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So if you are a big boy, people just seeing the broker you use buying heavy can be enough to start a rumor that big fund X is a buyer. They then jump in and try to front run you. So as a big player, you spend half your time trying to disguise your moves -- spoofing the others, lying to them etc. These things I'd consider grey -- necessary evils because it is not a game of old maid and the rest of the market is not prevented from acting based on info they infer from other public info.
Lying to a journalist to spook a market? Getting pretty close to black but just how do you prosecute someone for saying "I hear on the 'vine that XYZ corp's new product will crush the IPod" vs saying "I believe Apple is due for a correction because of stiffening competition from XYX corp". Try to actually convict. NFW. A seems dirty to me, but B is a rational reason for taking a position as a speculator.
What the Enron boys did was clearly illegal (happened a bit in Europe in my day as well). They specifically reported fake deals or lied about the price or did a deal which was later unwound in secret later in order to move the market marker services such as Platts in order to make a profit on some derivative instrument pricing off of the marker.
However, merely doing a series of deals in order to make the market move doesn't strike me as illegal. If I wish to sell more than the market will take at say 100, then the market isn't 100. It's where ever the next bid shows up. If I only have to sell 100 in order to drop the price on 1000 I am buying elsewhere off of the market quotes have I broken any laws? Or have I just pissed off the lords of fair play and the management of gutless operations that are only willing to trade off quotes determined by 22 year old journalism majors with 2 months experience reading market tea leaves or half assed futures exchange settles?
However, merely doing a series of deals in order to make the market move doesn't strike me as illegal. If I wish to sell more than the market will take at say 100, then the market isn't 100. It's where ever the next bid shows up. If I only have to sell 100 in order to drop the price on 1000 I am buying elsewhere off of the market quotes have I broken any laws?
But my gut reaction to that clip is rage, and feeling he is a total a'hole. (Some of my financial friends have told me that the operating guys, like me, are naive.)
But if you are truly an investor, the price of XYZ corp gyrating around the line fundamentals would generate doesn't matter a whit. This is just one set of aholes ripping off others. In the meantime they provide liquidity you might need and narrow the trading spread.
Now if you have money invested in a hedge fund and these dicks are spoofing their report cards to generate larger bonus payments than reality would give, you are being robbed. But if you are a hedge fund investor, then you should know the people you are dealing with are probably dicks and factor that into your decision to invest money with them. And this is why to get into a hedge fund you have to prove you are a sophisticated investor.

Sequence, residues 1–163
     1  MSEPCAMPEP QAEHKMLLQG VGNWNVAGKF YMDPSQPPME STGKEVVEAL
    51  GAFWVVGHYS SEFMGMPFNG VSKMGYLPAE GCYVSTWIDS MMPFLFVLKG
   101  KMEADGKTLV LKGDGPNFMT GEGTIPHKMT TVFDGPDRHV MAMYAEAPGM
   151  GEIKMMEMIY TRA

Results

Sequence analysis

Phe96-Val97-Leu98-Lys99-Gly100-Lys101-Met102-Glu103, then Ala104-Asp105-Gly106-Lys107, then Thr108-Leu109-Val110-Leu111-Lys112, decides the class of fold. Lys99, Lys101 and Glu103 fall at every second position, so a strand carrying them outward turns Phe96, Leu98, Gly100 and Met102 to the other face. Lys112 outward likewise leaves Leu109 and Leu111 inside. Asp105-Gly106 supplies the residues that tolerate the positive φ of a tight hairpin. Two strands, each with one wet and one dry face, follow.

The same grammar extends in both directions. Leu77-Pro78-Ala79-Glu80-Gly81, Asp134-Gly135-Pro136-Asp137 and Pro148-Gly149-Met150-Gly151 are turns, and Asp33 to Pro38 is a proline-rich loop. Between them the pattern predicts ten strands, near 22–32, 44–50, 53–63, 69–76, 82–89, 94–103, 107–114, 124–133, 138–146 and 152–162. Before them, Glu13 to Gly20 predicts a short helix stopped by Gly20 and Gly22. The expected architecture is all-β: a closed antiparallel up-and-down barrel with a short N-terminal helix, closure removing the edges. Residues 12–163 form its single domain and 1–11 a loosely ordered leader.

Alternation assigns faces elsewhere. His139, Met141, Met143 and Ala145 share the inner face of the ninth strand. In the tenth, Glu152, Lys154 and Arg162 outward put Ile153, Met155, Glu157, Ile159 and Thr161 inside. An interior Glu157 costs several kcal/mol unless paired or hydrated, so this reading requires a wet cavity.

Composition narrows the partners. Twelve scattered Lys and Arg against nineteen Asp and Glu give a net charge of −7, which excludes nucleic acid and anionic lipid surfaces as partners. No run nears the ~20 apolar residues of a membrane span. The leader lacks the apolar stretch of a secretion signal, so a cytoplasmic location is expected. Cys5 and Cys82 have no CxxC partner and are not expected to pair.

You can't cheat an honest man very easily. Reaching for well above market returns is a sure sign of greed. Risk/Reward. there are no free lunches.
Aren't you pissed off by watching Cramer on the You tube clip. I am.
Personally it does not undermine my confidence in the markets--but i just don't like the image it gives to others. It's a market confidence thing , isn't it.?
Google Vitol, Trafigura, Marc Rich, Clarendon, Vanol and see the kind of crap these people are accused of around the world. These were my counterparties.
"never let them see you sweat"
and it's true. If the others smell weakness they gain the confidence needed to perhaps break you. No single player is bigger than the markets as the Hunts found out.
Bulls make money, bears make money, pigs get slaughtered.
Our knowledge has surpassed our wisdom. -Charu Saxena.
If you have ever had to be around the real Cramer type speculators you'll find that most of the truly successful ones will gamble on anything, are utterly amoral about how they make money and really don't much care if others get hurt. That's my experience.
I admit I've never dealt with people at pure quant shops -- since they don't deal with people and let the models do the talking. The truly successful ones there just keep their mouths shut and hope no one notices their actions and succeeds in reverse engineering their models. The best geek on our desk was one of the nicest humans you could ever meet. Incredibly smart and grounded. Made partner and therefore got extremely rich. Well deserved compared to some of his peers.
As for long term investors, they are neither suckers nor aholes. Just folks put some assets at risk in hopes of a return.
Day traders who think they can beat the system operating from home? 80%+ suckers. And these are Cramer's Cramerica.
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